A Washington Post story today notes that EPA administrator Lisa Jackson has been hauled in to testify before Congress seven times this month, which the agency says some sort of record.
And anyone who’s been following along knows that much of Jackson’s time — both inside these hearings and out — has been spent dispelling myths and rumors about EPA regulations.
One of these charges — that agency rules governing containment of oil spills would also apply to milk spilled at dairies — surfaced at a March 3 hearing, as well as in a congressman’s newsletter to constituents, the New York Times reports.
Sure makes for a great outrage segment, doesn’t it? Problem is, it isn’t true:
In testimony before Congress on Thursday, Ms. Jackson declared that the new rule cited by Republicans would, in fact, exempt dairy containers from the regulations that govern oil facilities — rules that have been on the books for nearly 40 years.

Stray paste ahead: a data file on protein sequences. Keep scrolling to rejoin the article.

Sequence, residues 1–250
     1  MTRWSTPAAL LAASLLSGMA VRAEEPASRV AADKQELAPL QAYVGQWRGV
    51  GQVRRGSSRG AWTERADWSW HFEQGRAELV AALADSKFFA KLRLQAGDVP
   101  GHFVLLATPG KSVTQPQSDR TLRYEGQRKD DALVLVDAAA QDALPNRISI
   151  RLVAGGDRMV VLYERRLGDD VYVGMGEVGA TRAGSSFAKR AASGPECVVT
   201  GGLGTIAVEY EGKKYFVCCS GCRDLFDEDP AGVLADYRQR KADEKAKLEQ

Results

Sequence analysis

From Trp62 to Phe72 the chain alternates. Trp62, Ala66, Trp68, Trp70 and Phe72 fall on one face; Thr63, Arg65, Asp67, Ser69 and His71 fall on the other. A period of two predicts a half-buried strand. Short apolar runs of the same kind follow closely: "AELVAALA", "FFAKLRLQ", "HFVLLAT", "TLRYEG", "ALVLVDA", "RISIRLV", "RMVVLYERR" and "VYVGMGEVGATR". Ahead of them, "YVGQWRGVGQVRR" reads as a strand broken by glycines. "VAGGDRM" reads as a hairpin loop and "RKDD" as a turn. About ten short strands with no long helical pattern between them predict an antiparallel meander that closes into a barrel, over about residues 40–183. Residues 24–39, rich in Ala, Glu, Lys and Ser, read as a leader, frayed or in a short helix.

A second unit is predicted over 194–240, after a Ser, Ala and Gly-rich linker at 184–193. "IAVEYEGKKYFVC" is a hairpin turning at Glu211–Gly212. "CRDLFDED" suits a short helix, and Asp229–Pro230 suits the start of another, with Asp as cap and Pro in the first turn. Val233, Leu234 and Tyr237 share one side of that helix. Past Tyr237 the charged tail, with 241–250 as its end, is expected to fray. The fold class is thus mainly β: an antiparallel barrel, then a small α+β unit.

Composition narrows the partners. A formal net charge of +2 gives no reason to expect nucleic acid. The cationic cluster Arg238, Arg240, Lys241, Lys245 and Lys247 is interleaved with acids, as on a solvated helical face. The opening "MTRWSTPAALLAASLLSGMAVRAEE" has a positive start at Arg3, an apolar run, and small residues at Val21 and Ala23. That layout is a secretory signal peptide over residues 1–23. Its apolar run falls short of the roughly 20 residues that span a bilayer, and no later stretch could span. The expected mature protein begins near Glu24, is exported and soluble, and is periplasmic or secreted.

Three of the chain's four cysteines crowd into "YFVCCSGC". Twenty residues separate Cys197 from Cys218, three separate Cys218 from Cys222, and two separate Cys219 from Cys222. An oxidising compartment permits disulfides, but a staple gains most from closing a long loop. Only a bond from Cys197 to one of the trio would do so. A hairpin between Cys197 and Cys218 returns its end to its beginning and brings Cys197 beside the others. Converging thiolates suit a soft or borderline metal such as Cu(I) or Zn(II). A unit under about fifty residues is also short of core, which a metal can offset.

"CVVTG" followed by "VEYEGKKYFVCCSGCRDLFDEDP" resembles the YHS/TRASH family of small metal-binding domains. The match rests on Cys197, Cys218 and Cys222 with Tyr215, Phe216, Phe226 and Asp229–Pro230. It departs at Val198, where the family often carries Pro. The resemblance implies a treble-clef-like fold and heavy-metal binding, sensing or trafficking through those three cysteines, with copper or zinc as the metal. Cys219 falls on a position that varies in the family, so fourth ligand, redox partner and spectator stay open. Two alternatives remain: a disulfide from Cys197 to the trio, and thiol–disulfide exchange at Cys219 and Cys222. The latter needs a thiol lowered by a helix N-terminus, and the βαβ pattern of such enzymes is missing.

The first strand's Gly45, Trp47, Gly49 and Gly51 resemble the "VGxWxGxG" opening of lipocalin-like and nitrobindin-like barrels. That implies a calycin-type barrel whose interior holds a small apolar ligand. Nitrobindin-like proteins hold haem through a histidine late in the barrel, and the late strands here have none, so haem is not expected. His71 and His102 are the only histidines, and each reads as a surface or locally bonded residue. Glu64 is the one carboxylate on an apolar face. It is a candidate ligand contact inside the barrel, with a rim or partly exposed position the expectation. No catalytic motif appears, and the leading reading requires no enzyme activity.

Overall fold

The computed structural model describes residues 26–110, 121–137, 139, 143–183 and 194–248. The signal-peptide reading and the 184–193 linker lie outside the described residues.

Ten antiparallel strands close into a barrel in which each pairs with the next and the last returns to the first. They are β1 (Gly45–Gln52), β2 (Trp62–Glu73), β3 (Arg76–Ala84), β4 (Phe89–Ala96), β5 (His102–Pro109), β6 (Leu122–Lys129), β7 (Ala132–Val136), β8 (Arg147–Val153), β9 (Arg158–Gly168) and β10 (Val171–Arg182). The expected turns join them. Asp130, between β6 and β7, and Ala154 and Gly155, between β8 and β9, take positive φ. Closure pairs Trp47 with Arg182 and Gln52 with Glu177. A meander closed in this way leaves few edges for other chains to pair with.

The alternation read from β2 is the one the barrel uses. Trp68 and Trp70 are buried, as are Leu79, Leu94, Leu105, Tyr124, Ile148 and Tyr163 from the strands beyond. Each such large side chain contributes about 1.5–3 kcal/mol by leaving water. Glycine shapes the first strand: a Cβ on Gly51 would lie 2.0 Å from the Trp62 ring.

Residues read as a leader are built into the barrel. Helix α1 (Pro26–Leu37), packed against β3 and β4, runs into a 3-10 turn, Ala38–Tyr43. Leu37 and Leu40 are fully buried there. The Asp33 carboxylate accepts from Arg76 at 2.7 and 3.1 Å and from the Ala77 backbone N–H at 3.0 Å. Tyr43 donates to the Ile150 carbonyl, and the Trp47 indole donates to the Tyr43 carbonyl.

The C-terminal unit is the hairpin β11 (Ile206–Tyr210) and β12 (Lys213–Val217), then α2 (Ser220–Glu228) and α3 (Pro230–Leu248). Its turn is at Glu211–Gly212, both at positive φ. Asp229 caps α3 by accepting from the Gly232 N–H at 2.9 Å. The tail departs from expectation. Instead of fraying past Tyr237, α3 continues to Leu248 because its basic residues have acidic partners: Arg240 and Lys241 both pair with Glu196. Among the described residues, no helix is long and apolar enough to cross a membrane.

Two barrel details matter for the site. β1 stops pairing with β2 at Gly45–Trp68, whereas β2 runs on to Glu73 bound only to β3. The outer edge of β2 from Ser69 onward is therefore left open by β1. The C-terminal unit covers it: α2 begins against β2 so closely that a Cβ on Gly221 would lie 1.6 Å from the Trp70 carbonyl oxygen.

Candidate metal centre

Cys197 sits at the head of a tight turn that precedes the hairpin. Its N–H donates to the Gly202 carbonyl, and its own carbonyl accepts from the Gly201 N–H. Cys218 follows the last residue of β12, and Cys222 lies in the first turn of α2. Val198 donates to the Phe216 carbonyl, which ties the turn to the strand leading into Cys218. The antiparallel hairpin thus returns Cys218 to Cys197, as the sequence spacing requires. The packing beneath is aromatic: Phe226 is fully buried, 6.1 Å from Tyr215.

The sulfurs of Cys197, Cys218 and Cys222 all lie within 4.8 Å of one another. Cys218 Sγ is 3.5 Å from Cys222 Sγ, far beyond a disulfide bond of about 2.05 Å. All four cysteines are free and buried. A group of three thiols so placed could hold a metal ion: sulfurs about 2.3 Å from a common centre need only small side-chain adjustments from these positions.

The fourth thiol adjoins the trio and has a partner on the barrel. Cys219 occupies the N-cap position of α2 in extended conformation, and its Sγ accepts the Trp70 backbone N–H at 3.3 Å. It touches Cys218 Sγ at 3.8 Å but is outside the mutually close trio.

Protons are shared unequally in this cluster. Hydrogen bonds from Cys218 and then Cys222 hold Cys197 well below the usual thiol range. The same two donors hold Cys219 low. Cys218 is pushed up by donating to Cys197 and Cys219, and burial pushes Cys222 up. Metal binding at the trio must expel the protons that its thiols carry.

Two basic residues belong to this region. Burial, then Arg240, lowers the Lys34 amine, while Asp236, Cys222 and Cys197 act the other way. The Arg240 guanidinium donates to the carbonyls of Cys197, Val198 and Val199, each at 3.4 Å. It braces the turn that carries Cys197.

“It was our work with the dairy industry that prompted E.P.A. to develop an exemption and make sure the standards of the law are met in a common-sense way,” she said. “All of E.P.A.’s actions have been to exempt these containers. And we expect this to become final very shortly.”
The milk kerfuffle is one of five farm-related myths that Jackson debunked in her testimony before the House Agriculture committee last week. The others include supposed regulations on dust and pesticides drifting from farms, limits on pollution from nutrients in fertilizer, and, of course, the ever-popular tax on cow farts.
It raises the question — if there’s such an airtight case to be made against EPA regulations, why is so much of it based on flat-out misinformation?